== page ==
They're comingHigh-oleic soybeans are under development.
By: Jonathan Knutson, Agweek
A veteran soybean breeder says he and his peers are making progress on new high-oleic soybeans that will be popular for both food and nonfood uses.
“We’re going to put the high-oleic trait up and down the United States. It will be a better soybean,” says Grover Shannon, who works at the University of Missouri.
Typically, developing a new soybean variety takes about seven years. Shannon says he focused on his current research in 2009, putting 2016 as the first year at which high-oleic soybeans might be widely available to farmers.
Shannon and others have worked for years to develop soybean varieties without trans fat. But their efforts are garnering more public attention after the Food and Drug Administration announced Nov. 7 that it would ban artificial trans fat from processed foods.
High-oleic soybean oil wouldn’t contain trans fat. That would help it compete against other oils, such as sunflower oil and canola oil, without trans fat.
Shannon is working with naturally occurring genes to develop his high-oleic varieties.
“We know where the genes are, so we can move faster now,” he says.
His attention now is on improving yields in the high-oleic soybeans.
Shannon mentions similar high-oleic research by Minnesota soybean breeder Jim Orf.
Orf couldn’t be reached by Agweek for comment last week.
But in a report issued earlier this year by the Minnesota Soybean Research and Promotion Council, Orf says he anticipates releasing high-oleic varieties adapted to Minnesota in the next two to four years.
Four years is more likely than two, says Bill Zurn, a Callaway, Minn., farmer and board member of the state Soybean Research and Promotion Council. He’s familiar with Orf’s work.
Private sector efforts
Private companies also are working on soybean varieties whose oil is free of trans fat.
Monsanto is ratcheting up production of its Vistive Gold soybeans, says Sarah Vacek, the company’s soy quality traits manager.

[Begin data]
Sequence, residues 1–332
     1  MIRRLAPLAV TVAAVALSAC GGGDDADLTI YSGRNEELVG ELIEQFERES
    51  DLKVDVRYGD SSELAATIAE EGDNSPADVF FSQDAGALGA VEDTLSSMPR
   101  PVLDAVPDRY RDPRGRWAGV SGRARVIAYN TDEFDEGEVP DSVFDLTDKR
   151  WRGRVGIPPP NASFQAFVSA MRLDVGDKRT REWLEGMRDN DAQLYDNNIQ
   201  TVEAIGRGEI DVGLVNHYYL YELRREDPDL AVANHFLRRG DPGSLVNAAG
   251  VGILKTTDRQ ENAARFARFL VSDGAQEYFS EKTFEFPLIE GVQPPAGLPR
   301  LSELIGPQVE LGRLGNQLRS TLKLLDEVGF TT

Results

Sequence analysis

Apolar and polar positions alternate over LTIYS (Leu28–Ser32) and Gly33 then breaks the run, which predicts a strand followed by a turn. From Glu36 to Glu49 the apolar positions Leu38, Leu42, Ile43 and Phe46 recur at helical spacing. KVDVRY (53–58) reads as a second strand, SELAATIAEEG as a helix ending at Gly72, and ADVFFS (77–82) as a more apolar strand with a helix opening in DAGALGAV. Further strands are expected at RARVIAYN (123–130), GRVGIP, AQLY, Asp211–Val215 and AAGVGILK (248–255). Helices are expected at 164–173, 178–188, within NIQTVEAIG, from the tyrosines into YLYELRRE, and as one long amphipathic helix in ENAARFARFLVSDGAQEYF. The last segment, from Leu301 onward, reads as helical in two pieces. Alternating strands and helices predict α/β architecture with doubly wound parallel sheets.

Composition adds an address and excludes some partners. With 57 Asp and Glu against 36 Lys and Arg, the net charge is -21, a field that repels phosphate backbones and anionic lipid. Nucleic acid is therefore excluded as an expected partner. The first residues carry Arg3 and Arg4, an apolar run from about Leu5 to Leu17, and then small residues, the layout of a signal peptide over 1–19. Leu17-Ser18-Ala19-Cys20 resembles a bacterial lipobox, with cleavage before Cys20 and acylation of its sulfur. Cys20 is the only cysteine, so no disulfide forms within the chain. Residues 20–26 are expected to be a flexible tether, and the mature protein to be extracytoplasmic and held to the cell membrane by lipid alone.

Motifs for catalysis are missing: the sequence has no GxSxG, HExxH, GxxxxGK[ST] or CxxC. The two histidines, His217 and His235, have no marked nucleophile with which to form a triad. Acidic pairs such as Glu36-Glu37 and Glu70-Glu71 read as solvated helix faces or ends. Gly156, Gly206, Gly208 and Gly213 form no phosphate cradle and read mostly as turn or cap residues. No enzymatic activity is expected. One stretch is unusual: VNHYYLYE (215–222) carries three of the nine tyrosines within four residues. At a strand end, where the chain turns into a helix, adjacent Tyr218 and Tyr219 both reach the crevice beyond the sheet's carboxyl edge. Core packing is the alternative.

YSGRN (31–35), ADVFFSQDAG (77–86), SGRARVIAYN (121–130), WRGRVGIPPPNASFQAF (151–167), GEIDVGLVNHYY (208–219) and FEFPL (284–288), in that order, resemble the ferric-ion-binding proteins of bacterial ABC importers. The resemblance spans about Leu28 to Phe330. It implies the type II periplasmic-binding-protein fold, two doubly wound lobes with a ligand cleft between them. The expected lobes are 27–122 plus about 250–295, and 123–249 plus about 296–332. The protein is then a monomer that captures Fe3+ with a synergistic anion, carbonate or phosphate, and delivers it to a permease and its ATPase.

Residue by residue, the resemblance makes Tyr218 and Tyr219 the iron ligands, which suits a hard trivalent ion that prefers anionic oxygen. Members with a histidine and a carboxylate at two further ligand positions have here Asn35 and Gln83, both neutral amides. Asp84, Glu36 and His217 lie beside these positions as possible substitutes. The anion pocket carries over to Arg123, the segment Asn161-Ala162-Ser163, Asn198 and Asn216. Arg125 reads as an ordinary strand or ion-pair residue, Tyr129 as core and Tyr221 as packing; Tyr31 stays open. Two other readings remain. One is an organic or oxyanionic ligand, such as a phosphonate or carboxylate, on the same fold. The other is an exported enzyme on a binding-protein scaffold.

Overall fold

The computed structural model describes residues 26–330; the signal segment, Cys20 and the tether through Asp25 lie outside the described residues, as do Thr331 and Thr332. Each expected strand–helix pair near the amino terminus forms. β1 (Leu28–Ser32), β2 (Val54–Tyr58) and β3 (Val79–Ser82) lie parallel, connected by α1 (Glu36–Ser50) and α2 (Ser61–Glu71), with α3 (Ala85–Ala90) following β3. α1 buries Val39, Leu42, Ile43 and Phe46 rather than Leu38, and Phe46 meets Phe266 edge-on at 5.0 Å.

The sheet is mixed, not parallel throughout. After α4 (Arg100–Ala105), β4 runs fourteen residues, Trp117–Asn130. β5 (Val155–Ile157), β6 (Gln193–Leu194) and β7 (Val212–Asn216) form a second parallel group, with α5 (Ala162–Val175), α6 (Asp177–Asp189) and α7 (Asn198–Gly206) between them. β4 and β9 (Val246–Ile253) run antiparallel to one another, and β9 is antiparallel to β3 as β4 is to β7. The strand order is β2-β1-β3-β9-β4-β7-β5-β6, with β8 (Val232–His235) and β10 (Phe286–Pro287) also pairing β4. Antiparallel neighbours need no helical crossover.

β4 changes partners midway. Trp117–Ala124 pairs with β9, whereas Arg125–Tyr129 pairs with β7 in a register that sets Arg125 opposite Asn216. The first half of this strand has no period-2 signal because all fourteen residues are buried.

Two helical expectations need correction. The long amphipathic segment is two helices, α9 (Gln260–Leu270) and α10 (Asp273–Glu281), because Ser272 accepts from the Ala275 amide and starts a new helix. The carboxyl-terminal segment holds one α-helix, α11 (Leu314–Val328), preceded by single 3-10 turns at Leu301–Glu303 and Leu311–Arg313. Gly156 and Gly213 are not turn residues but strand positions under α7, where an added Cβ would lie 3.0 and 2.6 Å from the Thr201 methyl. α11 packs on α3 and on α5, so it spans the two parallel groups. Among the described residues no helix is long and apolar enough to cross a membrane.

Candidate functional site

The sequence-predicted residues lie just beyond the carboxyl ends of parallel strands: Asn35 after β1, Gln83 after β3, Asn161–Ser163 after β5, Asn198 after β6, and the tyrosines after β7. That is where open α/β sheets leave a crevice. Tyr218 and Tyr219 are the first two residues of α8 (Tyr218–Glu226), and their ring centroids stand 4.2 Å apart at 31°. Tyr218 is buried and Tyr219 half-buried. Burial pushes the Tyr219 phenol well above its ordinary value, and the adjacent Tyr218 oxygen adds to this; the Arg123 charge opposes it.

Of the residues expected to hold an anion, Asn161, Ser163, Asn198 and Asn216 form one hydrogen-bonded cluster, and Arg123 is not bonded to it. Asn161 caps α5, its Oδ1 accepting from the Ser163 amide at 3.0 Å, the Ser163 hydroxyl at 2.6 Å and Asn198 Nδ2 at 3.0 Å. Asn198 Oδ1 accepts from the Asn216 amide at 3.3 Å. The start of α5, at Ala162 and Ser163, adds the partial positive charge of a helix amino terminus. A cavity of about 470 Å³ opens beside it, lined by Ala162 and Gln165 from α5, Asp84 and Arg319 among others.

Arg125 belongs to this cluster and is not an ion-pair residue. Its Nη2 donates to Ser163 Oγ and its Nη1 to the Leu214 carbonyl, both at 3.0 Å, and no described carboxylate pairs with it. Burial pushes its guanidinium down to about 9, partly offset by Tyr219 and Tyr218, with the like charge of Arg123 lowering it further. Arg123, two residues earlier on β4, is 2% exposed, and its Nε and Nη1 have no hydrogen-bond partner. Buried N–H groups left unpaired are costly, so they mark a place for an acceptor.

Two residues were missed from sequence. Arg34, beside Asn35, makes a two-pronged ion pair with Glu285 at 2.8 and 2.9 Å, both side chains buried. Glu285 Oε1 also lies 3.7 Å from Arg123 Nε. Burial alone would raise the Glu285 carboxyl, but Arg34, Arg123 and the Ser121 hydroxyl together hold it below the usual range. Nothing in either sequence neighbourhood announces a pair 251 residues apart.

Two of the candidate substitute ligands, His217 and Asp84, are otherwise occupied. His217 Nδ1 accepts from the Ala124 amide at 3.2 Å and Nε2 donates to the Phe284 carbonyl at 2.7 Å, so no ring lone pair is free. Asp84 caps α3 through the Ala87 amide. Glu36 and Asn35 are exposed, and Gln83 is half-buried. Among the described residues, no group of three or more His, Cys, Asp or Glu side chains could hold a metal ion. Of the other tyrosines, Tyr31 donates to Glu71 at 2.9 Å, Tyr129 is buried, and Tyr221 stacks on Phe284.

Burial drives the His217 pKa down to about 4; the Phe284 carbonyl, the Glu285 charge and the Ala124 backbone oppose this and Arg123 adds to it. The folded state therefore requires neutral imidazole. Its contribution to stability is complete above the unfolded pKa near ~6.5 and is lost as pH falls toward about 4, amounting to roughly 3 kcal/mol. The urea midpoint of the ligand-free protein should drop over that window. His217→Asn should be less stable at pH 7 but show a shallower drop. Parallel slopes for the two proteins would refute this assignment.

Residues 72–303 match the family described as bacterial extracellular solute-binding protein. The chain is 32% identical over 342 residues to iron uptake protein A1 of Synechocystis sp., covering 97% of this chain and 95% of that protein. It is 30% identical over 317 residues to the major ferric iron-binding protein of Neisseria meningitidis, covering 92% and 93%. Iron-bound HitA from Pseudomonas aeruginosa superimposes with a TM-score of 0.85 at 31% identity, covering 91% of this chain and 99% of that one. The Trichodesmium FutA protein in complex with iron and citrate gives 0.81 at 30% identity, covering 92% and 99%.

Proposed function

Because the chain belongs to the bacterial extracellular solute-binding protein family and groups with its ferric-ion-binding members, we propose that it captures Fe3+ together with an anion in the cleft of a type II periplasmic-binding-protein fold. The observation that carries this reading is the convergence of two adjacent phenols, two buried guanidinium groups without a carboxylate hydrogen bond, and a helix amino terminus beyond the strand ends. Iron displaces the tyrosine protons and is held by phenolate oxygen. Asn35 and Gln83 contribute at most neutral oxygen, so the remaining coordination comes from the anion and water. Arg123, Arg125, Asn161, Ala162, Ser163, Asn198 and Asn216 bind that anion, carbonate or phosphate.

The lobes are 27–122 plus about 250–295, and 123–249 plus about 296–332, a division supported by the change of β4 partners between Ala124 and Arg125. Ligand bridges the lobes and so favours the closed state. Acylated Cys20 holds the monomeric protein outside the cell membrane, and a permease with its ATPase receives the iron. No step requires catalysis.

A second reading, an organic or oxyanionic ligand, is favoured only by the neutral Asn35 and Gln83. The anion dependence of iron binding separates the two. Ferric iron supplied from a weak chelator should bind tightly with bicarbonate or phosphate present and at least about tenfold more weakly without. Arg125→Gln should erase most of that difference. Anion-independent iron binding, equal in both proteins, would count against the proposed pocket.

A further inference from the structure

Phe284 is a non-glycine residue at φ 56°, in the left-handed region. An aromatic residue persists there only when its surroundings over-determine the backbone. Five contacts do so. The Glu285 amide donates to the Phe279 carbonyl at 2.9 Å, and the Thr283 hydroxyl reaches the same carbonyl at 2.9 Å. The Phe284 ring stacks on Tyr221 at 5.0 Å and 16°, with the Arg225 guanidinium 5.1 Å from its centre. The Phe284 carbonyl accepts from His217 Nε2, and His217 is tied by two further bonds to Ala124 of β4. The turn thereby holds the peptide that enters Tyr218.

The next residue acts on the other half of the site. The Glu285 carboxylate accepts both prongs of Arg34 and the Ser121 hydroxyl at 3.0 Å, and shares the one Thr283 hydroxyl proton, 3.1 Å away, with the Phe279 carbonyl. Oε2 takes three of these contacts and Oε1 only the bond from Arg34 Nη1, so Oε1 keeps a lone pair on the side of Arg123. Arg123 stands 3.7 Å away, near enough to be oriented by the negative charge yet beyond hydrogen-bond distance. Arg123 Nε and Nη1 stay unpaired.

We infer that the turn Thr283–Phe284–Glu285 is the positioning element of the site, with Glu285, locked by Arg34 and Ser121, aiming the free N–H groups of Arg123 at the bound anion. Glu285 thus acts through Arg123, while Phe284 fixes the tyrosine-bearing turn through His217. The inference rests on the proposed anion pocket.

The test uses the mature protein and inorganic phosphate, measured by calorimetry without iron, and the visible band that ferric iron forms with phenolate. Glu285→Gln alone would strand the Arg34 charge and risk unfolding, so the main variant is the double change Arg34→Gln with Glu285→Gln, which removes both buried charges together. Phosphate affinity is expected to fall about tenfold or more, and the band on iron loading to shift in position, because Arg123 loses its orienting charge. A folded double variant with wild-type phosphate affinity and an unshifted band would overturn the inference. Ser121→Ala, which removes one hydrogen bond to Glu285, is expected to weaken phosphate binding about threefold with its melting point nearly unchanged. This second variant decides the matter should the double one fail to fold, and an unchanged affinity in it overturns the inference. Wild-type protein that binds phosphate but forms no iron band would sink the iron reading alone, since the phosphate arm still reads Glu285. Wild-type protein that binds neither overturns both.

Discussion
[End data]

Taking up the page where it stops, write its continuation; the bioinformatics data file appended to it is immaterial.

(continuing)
Vistive Gold is low in polyunsaturated fats and high in monounsaturated fats. That results in extra stability that eliminates the need for hydrogenation, also eliminating trans fats, according to the company.
In 2014, Vistive Gold will be grown on entire fields in Ohio, Indiana and Michigan. The breeding program will expand geographically over time, but there’s no firm timetable of when Vistive Gold will be available to farmers in the Upper Midwest, Vacek says.
She anticipates that farmers who grow Vistive Gold will be paid a premium for their crop, but will not need to pay an additional fee for the seed.
The recent FDA announcement on trans fat “solidifies the opportunities” for Vistive Gold, she says.
High-oleic soybean oil “is broader than just the food market. It’s expanding the market for soybean oil overall,” Vacek says.
The high-oleic oil is better than convential soybean oil for nonfood uses, such as industrial lubricant products, she says.
Soybean growers across the country, not just in areas where high-oleic varieties will be available in the next few years, should keep an eye on how the varieties are brought to the marketplace, she says.
“I hope they (growers) adopt them quickly, so the entire soybean industry can take advantage of the opportunity,” Vacek says.
High-oleic soybean oil will be “not only good for food. It’s better for biodiesel, lubricants, cosmetics. It’s just more functional oil,” Shannon says.